EVs are not dispersed evenly across all territories, as there has already been real-world evidence that they are clustered in particular areas, such as California. As a result, transmission costs will likely increase due to increased congestion. As the number of electric vehicles on the road increases, utilities will need to upgrade existing infrastructure or build new capacity to handle growth in electricity demand. “Electric vehicles can create risks for utilities, such as peak load increases, transformer and substation impacts, or the new phenomenon of “timer peaks,” an inadvertent result of time-of-use rates. The problem here is that even though time-of-use rates have helped shift charging hours to preferred times of the day – late evening and early morning hours – customers often schedule their vehicles to begin charging at the moment off-peak rates begin resulting in sharp load ramps.” What can utilities do to alleviate poor peak load management (i.e. spikes in demand and blackouts)?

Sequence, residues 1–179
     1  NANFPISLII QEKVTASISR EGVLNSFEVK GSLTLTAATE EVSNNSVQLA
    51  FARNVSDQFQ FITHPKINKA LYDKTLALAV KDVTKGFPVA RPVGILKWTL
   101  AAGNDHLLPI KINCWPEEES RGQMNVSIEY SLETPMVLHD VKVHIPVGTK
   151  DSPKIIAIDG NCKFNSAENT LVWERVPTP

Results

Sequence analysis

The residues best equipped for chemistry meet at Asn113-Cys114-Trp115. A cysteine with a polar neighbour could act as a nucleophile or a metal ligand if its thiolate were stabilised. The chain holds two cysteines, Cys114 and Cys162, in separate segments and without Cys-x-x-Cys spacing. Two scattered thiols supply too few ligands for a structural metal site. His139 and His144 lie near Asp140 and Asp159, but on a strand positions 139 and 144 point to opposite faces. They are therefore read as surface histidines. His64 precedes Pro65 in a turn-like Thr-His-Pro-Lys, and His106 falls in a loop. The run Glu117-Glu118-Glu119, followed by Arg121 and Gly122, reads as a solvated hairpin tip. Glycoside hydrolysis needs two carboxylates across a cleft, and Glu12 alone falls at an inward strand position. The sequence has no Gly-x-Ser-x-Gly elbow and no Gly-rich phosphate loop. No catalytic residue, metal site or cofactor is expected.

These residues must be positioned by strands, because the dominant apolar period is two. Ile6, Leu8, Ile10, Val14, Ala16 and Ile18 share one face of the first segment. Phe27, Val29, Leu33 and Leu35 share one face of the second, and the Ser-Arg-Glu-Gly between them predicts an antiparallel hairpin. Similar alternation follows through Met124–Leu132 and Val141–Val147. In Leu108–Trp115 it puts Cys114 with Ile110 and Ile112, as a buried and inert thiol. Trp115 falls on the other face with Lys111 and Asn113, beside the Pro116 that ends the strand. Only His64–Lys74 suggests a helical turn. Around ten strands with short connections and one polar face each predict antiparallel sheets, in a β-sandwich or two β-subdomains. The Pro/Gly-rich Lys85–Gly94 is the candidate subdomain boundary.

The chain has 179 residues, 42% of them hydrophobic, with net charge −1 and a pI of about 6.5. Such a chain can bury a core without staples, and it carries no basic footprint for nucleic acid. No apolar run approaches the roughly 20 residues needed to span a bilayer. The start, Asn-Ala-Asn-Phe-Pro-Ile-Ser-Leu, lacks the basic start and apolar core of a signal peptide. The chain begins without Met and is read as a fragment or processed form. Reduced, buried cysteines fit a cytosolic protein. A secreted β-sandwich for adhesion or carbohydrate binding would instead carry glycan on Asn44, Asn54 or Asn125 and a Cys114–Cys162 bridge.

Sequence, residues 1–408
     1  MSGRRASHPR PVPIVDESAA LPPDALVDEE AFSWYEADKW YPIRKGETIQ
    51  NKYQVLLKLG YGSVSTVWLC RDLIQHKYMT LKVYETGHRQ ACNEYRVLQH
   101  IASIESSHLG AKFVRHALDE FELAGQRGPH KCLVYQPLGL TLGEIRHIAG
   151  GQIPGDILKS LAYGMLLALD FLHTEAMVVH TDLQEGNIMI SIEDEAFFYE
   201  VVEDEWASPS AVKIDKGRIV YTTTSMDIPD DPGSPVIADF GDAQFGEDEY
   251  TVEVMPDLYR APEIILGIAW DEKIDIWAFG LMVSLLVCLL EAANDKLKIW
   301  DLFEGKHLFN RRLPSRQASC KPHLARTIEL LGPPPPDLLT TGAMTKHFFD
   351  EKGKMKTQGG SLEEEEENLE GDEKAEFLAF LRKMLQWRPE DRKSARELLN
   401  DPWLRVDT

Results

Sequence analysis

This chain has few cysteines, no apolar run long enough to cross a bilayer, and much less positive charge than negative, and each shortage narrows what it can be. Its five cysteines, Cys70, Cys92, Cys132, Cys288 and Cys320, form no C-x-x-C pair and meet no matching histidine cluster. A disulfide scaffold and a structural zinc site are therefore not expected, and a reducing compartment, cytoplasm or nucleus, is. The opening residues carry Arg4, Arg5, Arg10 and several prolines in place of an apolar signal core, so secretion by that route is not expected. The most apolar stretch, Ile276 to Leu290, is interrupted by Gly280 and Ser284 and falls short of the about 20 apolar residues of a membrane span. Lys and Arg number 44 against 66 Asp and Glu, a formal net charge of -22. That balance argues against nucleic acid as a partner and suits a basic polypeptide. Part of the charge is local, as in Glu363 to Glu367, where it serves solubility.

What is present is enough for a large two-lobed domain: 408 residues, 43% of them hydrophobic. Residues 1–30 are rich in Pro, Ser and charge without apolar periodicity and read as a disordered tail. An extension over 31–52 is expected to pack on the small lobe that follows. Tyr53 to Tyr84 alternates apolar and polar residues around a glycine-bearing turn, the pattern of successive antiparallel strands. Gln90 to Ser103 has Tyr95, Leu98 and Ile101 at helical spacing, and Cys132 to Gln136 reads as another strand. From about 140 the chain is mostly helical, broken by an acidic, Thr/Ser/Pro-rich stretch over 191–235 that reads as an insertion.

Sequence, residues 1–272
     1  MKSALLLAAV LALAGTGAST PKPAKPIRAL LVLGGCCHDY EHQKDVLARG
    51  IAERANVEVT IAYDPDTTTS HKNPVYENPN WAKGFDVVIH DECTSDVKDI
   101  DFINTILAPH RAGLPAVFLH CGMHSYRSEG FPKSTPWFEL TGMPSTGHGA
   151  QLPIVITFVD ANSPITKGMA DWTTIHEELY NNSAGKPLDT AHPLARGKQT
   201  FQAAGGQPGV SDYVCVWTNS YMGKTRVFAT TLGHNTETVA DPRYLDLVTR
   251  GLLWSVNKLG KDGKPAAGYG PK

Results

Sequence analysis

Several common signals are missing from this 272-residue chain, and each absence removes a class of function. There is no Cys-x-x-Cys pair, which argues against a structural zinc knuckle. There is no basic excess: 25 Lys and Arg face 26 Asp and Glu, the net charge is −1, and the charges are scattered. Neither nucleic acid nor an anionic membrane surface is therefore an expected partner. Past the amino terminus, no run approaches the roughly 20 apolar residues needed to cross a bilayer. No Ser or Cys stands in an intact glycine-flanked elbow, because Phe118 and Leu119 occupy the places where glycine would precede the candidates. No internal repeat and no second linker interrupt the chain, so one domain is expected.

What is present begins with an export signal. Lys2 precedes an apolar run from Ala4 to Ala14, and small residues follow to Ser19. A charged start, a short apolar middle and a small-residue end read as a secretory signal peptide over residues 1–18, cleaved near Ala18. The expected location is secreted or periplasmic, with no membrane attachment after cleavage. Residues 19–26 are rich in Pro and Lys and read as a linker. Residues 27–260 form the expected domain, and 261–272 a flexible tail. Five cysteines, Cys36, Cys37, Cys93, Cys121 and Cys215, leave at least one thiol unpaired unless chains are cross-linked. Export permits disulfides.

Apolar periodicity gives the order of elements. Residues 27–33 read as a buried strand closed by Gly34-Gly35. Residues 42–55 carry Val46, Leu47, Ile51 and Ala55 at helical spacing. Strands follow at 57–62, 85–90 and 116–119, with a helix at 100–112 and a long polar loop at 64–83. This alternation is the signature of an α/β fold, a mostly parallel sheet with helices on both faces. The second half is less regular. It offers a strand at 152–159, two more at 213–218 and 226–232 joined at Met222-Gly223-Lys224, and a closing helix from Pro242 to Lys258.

Managed charging allows utilities to remotely control when vehicles charge their batteries by turning it on, off, up or down to better meet grid supply. This is very similar to demand response and requires a smart grid for execution. Utilities will be able to distribute the charging hours across all off-peak hours and/or periods of high renewable energy production – mid-day when the sun is shining and at night when the wind is blowing. “Managed charging is essentially a combination of infrastructure and communication signals sent directly to a vehicle to control a charging event. Indirect efforts to manage charging patterns rely on customer response behavior. For example, EV time-of-use rates provide predetermined price signals to influence when a customer charges a vehicle.”
Benefits of Managed Charging: (SEPA, p.10)
- Reduces emissions by using surplus renewable generation during times of high charging demand
- Reduces grid stress and maintains grid stability by minimizing charging ramp rates and reducing the strain on distribution transformers
- Reduce the need for new peak generation and distribution capacity resulting from EVs charging during peak hours, particularly as more drivers choose EVs in the coming years